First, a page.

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John Tejada: Unstable Condition

After years of releasing tunes on labels like Plug Research7th CityGenerations (R&S), and ~scape, LA-based producer John Tejada‘s latest batch celebrates his time-honored craft of deep techno and house, albeit with a fresh twist. In his debut single for legendary German imprint Kompakt, it is more than apparent Tejada sought deep solace in the melancholy of 90’s IDM and experimental acid-techno.

Stylistically, it marks a far cry from the commercial success of 2004’s ecstasy-laden tech-house jam ‘Sweat (On the Walls)’. Nonetheless, Tejada’s efforts are still directed towards serious dancefloor impact.

‘Unstable Condition’, as the lead take, is a melodic, more sober reminiscence of Aphex’s ‘Polygon Window’ alter-ego, before turning a dark, detuned corner into late night tech-house. Whilst it’s less complex, austere and sophisticated than Richard D. James’ works, it will ignite dancefloor memories for the initiated, and open up new (and old) doors for others.

‘The Living Night’ is a pretty outing through delicately ethereal synths and dough-like bass, with a straight rhythmic backbone providing its nucleus. It’s a refreshing breath of IDM-tinged techno, which slowly melts away into the early hours of 1993. It runs similar, but less manic and unrestrained waves to the housier moments of AFX’s classic ‘Analord’ series.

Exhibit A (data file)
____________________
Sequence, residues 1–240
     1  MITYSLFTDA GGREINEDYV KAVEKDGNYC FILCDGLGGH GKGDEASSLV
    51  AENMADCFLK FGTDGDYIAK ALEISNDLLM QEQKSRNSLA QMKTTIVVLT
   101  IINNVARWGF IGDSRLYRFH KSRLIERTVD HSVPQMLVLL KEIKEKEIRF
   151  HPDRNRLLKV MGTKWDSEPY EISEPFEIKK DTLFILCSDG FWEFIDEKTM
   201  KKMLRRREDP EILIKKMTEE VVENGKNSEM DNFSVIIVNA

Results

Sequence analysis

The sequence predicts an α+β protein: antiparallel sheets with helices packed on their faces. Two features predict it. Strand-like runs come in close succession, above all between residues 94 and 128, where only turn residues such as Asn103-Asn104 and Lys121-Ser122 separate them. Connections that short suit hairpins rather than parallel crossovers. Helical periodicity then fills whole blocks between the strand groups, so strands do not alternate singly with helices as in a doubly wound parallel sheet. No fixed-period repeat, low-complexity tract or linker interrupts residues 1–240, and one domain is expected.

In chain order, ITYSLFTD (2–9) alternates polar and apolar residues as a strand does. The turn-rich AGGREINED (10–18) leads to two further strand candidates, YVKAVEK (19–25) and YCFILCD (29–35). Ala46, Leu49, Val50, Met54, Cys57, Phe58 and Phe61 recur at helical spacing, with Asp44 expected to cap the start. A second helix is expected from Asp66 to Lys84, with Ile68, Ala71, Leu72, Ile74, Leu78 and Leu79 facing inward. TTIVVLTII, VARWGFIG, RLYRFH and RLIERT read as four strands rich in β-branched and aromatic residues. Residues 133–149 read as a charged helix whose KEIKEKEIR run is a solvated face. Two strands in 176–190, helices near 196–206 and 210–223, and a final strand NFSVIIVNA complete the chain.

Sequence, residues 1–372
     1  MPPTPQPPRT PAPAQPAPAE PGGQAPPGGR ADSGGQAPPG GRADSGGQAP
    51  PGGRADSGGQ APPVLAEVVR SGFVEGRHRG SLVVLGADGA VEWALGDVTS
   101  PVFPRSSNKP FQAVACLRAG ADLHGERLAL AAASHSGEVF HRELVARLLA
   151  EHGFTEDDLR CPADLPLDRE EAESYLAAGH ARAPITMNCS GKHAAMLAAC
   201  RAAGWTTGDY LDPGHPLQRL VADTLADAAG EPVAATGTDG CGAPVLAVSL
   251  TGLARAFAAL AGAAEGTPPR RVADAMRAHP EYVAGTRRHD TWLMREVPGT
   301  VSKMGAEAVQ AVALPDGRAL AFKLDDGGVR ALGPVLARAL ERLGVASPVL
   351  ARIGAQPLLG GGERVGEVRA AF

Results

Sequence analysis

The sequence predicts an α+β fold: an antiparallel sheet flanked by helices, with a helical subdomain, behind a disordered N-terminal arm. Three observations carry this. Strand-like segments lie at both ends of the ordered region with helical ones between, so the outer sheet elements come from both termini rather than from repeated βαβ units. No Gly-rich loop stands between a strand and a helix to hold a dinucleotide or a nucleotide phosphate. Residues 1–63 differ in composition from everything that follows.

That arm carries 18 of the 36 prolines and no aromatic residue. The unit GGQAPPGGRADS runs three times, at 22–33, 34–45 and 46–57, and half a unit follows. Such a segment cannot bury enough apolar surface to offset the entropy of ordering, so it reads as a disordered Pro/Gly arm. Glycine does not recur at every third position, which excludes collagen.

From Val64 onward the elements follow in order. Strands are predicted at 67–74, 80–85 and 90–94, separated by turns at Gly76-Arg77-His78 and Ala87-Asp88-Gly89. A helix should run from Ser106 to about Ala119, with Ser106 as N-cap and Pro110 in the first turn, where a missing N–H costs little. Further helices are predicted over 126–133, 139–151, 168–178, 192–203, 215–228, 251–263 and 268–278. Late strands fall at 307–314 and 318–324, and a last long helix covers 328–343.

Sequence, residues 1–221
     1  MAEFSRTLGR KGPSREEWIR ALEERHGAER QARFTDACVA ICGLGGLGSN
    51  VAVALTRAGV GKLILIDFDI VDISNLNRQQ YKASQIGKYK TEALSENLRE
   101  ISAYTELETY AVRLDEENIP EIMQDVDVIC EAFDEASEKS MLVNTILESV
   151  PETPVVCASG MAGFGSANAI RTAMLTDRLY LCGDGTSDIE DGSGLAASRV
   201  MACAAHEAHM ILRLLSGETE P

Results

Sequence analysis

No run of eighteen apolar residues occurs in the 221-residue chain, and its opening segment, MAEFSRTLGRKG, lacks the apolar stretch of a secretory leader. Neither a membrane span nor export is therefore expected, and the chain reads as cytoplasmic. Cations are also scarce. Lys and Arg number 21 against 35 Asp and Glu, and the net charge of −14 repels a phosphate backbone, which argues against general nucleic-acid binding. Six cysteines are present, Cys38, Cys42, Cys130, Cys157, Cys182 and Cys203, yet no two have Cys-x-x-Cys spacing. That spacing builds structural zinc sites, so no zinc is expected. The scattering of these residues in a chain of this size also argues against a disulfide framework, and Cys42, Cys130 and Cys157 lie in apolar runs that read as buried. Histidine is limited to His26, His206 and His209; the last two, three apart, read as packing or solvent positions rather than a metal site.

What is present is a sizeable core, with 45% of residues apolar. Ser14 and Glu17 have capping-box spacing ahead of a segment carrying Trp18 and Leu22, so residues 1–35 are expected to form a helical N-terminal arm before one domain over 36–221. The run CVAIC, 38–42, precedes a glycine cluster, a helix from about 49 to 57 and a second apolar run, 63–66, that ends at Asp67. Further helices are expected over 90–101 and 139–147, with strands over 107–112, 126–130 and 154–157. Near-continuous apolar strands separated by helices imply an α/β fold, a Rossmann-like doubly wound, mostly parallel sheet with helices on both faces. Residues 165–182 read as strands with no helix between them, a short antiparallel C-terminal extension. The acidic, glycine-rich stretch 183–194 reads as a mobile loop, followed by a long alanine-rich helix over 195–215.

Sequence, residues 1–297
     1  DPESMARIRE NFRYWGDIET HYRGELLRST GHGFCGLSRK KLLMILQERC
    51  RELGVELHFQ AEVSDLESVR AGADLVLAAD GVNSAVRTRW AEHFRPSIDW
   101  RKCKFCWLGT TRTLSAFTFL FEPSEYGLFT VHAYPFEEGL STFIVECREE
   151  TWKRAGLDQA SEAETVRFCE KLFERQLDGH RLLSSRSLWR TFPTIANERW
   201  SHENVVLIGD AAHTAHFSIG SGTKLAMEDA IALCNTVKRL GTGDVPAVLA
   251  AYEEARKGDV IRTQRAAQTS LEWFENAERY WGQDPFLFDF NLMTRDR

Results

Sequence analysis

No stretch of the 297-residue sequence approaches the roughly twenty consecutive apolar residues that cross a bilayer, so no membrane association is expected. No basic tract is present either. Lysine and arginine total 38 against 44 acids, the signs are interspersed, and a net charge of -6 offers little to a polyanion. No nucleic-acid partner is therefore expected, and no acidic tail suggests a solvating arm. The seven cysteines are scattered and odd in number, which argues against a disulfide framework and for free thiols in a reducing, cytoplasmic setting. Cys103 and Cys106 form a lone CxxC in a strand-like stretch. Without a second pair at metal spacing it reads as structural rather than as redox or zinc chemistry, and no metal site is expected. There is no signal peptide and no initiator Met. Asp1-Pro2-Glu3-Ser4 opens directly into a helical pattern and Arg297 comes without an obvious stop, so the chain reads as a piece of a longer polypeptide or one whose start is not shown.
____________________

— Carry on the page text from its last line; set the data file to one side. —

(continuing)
A digital exclusive,‘Tropical’, runs true to the rest of the release, as thick portamento brings bassline ruckus, while 808’s bang and cymbals glimmer. Percussions simmer over simple chords and distant arps; skipping along like a mid-paced stroll in the sun.

Whilst Aphex’s acid techno detours serve as a large reference point, any further comparison between the two producers is futile. Tejada’s sounds are lighter and less fragile than the aforementioned, and his productions are designed to put clubbers to work in large cavernous rooms. ‘Unstable Condition’ certainly achieves these ends.

As such, Tejada ignores the spasmodic ends of techno’s extremes, and instead focuses on accessibility, rather than alienation. With this in mind, some purists may say the finer nuances of electronica’s past have been ignored; whereas Tejada would argue he’s brought new life to a battered sound.

With yet another LP slated for the latter half of this year, John Tejada is sure to continue developing his broad and ever-prolific output.